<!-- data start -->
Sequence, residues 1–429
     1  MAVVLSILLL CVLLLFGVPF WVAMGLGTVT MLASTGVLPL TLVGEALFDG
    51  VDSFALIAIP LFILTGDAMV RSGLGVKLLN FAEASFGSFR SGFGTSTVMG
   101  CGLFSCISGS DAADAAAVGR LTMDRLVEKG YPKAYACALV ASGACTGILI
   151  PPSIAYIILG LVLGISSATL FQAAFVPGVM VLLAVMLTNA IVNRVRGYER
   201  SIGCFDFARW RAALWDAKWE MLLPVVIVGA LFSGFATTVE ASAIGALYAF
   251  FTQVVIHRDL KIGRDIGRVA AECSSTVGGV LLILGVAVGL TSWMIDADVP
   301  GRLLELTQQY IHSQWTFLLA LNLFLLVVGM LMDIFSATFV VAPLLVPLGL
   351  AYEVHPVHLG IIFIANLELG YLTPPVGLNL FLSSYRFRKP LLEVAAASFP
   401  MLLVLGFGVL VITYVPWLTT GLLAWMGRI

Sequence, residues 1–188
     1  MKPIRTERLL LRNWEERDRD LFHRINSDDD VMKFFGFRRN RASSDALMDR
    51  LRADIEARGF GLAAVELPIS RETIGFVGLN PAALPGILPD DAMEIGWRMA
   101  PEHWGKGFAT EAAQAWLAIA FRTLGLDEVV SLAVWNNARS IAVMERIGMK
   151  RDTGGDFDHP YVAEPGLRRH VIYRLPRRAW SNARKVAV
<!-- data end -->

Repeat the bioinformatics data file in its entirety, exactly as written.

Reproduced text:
Sequence, residues 1–429
     1  MAVVLSILLL CVLLLFGVPF WVAMGLGTVT MLASTGVLPL TLVGEALFDG
    51  VDSFALIAIP LFILTGDAMV RSGLGVKLLN FAEASFGSFR SGFGTSTVMG
   101  CGLFSCISGS DAADAAAVGR LTMDRLVEKG YPKAYACALV ASGACTGILI
   151  PPSIAYIILG LVLGISSATL FQAAFVPGVM VLLAVMLTNA IVNRVRGYER
   201  SIGCFDFARW RAALWDAKWE MLLPVVIVGA LFSGFATTVE ASAIGALYAF
   251  FTQVVIHRDL KIGRDIGRVA AECSSTVGGV LLILGVAVGL TSWMIDADVP
   301  GRLLELTQQY IHSQWTFLLA LNLFLLVVGM LMDIFSATFV VAPLLVPLGL
   351  AYEVHPVHLG IIFIANLELG YLTPPVGLNL FLSSYRFRKP LLEVAAASFP
   401  MLLVLGFGVL VITYVPWLTT GLLAWMGRI

Sequence, residues 1–188
     1  MKPIRTERLL LRNWEERDRD LFHRINSDDD VMKFFGFRRN RASSDALMDR
    51  LRADIEARGF GLAAVELPIS RETIGFVGLN PAALPGILPD DAMEIGWRMA
   101  PEHWGKGFAT EAAQAWLAIA FRTLGLDEVV SLAVWNNARS IAVMERIGMK
   151  RDTGGDFDHP YVAEPGLRRH VIYRLPRRAW SNARKVAV